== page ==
“I see dead people!” Remember that quote from the film The Sixth Sense? It made perfect sense last Saturday after seeing the play Spoon River Anthology at Victoria Hall. Based on an early-20th-century collection of poems by Edgar Lee Masters in which dead people are imagined as speaking directly to the reader, Spoon River was inspired by the lives of those buried in an Illinois cemetery. In the play, rather than speaking to us as ghosts on the page, these dead people come alive through the performances of the cast.
Directed by Ed Giron, Spoon River unfolds in a series of monologues that are by turns humorous, tragic, and bawdy. With nearly 90 personas portrayed in two acts, occasional songs are useful in keeping the successive recitations from overwhelming the audience. The show’s constant parade of characters allows many different views to be represented, whether through boasting or crying, in vengeance or in jest. There’s Emily Sparks, Fiddler Jones, Mrs. Kessler, Ida Frickey, Doctor Meyers, and Anne Rutledge, to name a few, and the switching happens so fast that the audience doesn’t have time to pick favorites. The six dedicated actors, scripts in hand, made the whole thing appear to be an improvisation.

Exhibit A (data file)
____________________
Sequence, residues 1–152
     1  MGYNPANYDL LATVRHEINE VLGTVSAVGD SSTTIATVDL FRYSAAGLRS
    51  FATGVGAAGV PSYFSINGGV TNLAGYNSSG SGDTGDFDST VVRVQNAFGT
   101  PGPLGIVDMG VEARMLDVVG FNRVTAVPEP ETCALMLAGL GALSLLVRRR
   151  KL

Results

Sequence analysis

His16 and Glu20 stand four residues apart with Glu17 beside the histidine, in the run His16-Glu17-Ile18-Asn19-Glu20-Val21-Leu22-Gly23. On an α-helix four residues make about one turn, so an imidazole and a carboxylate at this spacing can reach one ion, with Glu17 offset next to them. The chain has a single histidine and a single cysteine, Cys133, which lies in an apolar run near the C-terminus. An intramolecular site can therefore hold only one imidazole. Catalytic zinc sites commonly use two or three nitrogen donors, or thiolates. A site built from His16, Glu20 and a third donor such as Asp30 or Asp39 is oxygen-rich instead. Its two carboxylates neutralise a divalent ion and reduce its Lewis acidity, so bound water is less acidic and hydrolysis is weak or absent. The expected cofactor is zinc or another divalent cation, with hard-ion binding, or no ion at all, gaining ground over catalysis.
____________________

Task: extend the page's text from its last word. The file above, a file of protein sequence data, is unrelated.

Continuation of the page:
Spoon River Anthology
- When: Thursday, November 13, 2008, 8 p.m.
- Where: Victoria Hall Theater, 33 W. Victoria St., Santa Barbara, CA
- Cost: $17 - $22
- Age limit: Not available
Indeed, the skill with which each actor represented the many men and women of Spoon River was phenomenal. Stephanie Sivers sang and hummed beautifully in the background while Bill Waxman played piano for their alternately funny and edgy recollections. The cast-Giron, Deborah Helm, Jerry Oshinsky, Sivers, Leslie Story, and Waxman-truly made the dead come alive. Saturday night’s relatively small audience seemed to reflect the type of spectator Spoon River Anthology originally attracted as a play-intellectually and emotionally aware people who have lived through enough to relate to and even sympathize with each character. Admittedly, if you had come to the performance without some background knowledge, you might have had a hard time getting into the play. Still, the professional acting compensated for the difficult concepts of Masters’s dramatized anthology.
In the end, this Spoon River Anthology granted spectators the privilege of “catching a little bit of the ether reserved to God himself.” All 90 of the deceased lived within these six actors and begged you-an impossible task-to avoid the all-too-human mistakes they committed.